This study examined the reading and writing achievement of students in primary classrooms in which teachers implemented recommended literacy instruction to varying degrees and described teachers’ practices within these varying classrooms. The reading and writing achievement of 21 students from four classrooms in which teachers adhered to recommended literacy practices to high degrees was compared with the achievement of 19 students from four classrooms in which teachers implemented recommended practices to low degrees. Findings revealed that the group of students taught by teachers who adhered to recommended practices to high degrees outperformed the group of students taught by teachers who adhered to these practices to low degrees on every measure of literacy achievement, with significant differences in comprehension, fluency, quality of writing, and use of language mechanics. The teachers of the higher achieving students implemented practices such as using high-quality children's literature, engaging students in extensive reading and writing, and teaching skills in the context of meaningful reading and writing experiences. The teachers of the lower achieving students were less likely to employ these practices and were more apt to provide isolated skill instruction.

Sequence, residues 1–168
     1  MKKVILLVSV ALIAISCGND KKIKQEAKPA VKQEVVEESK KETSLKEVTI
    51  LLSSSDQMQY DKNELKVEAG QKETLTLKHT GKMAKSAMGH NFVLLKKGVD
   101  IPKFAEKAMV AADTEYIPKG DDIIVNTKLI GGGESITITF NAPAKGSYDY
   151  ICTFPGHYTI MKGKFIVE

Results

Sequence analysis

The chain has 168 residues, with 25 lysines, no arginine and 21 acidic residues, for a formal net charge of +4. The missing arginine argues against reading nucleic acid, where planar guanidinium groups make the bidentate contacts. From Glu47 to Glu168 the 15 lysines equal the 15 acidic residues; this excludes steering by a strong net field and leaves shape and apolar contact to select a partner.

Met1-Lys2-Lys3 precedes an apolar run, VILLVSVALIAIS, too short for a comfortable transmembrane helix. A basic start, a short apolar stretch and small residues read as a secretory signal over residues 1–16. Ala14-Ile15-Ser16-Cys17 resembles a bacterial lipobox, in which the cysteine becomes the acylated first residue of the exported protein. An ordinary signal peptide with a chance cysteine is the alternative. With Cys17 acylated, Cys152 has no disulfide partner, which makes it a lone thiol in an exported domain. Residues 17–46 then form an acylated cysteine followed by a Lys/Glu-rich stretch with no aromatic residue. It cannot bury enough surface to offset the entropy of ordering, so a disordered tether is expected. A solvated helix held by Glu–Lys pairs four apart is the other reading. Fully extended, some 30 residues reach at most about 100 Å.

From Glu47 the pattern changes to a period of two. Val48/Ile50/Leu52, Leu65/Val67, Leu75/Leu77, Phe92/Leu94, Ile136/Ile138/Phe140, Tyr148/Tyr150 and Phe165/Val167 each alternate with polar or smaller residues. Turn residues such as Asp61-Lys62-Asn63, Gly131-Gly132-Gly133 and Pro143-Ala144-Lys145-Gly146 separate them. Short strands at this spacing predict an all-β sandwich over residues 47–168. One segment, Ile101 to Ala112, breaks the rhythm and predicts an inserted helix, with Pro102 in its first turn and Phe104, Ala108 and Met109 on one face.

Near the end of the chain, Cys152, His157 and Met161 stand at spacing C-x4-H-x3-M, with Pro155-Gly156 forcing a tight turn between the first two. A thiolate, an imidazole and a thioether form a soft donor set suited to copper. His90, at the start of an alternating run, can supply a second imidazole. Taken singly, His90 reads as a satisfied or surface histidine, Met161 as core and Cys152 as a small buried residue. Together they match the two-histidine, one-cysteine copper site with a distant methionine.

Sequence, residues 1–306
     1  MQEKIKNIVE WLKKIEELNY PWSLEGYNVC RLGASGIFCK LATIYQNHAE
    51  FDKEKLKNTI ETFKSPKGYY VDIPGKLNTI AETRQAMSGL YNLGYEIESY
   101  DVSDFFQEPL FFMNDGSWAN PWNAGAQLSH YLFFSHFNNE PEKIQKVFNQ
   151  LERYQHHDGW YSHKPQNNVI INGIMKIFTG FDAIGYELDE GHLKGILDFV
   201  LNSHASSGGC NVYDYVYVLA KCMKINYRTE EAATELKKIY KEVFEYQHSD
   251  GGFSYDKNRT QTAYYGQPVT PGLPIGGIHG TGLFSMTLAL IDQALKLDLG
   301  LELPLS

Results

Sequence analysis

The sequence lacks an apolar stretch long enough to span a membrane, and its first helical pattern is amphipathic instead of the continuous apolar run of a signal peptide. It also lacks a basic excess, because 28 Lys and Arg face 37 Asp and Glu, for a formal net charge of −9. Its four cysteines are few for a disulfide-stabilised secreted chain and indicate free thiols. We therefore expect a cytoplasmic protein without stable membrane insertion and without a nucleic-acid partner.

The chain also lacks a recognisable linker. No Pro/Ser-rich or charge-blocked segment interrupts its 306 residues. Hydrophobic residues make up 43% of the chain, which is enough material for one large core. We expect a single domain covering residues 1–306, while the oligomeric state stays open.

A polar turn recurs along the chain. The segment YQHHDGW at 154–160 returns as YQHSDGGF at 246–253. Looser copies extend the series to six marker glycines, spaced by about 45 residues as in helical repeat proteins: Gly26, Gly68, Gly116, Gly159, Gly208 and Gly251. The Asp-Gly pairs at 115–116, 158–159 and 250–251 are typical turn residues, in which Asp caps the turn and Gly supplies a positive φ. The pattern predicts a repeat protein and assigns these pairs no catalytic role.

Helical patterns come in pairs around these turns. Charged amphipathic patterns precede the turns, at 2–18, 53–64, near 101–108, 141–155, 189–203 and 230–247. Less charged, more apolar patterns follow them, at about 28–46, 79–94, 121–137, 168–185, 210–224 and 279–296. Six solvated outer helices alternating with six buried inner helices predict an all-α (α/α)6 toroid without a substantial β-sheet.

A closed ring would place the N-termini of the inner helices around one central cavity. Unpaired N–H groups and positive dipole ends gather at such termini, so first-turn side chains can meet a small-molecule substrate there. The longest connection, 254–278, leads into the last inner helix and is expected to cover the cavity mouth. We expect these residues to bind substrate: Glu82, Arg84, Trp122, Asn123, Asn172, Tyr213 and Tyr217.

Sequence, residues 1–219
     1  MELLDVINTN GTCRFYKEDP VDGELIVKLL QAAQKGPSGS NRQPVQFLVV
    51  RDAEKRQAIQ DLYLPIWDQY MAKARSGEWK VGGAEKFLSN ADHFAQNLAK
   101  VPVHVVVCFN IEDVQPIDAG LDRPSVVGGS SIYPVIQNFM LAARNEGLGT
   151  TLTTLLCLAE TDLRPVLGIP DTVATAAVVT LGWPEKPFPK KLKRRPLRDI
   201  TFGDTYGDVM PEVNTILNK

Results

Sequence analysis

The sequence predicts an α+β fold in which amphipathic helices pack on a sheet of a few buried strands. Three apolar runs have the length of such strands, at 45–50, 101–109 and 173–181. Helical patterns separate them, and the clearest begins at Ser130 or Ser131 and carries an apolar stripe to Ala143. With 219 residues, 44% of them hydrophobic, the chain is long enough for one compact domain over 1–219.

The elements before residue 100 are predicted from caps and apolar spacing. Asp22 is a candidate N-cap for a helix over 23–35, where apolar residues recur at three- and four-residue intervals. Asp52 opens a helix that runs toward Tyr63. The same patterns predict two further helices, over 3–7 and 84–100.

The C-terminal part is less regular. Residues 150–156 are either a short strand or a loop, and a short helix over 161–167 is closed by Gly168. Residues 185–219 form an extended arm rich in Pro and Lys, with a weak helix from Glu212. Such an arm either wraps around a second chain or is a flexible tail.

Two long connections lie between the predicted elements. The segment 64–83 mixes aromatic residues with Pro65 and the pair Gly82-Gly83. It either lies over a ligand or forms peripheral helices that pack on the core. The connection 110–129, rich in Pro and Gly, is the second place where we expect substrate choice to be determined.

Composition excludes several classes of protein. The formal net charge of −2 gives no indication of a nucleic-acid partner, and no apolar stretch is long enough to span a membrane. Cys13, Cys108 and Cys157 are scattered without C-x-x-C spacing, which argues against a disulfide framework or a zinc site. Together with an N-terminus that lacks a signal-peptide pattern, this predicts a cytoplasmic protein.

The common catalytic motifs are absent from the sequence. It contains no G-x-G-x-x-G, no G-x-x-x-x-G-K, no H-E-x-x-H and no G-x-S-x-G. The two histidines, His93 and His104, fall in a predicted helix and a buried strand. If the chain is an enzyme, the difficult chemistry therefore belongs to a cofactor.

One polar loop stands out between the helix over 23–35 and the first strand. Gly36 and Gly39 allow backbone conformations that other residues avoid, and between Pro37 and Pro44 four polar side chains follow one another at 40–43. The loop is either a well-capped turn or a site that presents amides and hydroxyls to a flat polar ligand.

|Number of pages
|Reading Research and Instruction
|Published - 1999
ASJC Scopus subject areas
- Psychology (miscellaneous)